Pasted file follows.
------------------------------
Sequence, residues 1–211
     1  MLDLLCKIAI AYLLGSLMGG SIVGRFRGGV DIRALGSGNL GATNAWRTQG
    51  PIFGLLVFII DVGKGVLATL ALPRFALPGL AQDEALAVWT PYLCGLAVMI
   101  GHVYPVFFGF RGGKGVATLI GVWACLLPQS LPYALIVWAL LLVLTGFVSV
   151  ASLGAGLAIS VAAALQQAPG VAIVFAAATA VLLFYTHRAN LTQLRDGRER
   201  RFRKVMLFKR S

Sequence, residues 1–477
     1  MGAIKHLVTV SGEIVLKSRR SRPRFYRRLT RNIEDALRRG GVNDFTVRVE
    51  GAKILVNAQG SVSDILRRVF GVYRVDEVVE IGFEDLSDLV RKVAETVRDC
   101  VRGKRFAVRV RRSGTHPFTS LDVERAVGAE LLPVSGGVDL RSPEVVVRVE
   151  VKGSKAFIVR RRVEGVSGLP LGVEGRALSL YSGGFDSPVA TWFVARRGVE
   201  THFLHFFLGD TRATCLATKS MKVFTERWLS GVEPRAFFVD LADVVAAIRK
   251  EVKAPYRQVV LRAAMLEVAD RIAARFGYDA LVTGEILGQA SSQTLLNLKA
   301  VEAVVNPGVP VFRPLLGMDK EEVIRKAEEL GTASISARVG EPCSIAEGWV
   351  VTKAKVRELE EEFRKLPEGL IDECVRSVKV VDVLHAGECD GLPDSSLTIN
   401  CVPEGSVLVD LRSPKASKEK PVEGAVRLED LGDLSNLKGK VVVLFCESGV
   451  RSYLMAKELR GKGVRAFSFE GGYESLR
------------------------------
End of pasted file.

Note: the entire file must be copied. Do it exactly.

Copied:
Sequence, residues 1–211
     1  MLDLLCKIAI AYLLGSLMGG SIVGRFRGGV DIRALGSGNL GATNAWRTQG
    51  PIFGLLVFII DVGKGVLATL ALPRFALPGL AQDEALAVWT PYLCGLAVMI
   101  GHVYPVFFGF RGGKGVATLI GVWACLLPQS LPYALIVWAL LLVLTGFVSV
   151  ASLGAGLAIS VAAALQQAPG VAIVFAAATA VLLFYTHRAN LTQLRDGRER
   201  RFRKVMLFKR S

Sequence, residues 1–477
     1  MGAIKHLVTV SGEIVLKSRR SRPRFYRRLT RNIEDALRRG GVNDFTVRVE
    51  GAKILVNAQG SVSDILRRVF GVYRVDEVVE IGFEDLSDLV RKVAETVRDC
   101  VRGKRFAVRV RRSGTHPFTS LDVERAVGAE LLPVSGGVDL RSPEVVVRVE
   151  VKGSKAFIVR RRVEGVSGLP LGVEGRALSL YSGGFDSPVA TWFVARRGVE
   201  THFLHFFLGD TRATCLATKS MKVFTERWLS GVEPRAFFVD LADVVAAIRK
   251  EVKAPYRQVV LRAAMLEVAD RIAARFGYDA LVTGEILGQA SSQTLLNLKA
   301  VEAVVNPGVP VFRPLLGMDK EEVIRKAEEL GTASISARVG EPCSIAEGWV
   351  VTKAKVRELE EEFRKLPEGL IDECVRSVKV VDVLHAGECD GLPDSSLTIN
   401  CVPEGSVLVD LRSPKASKEK PVEGAVRLED LGDLSNLKGK VVVLFCESGV
   451  RSYLMAKELR GKGVRAFSFE GGYESLR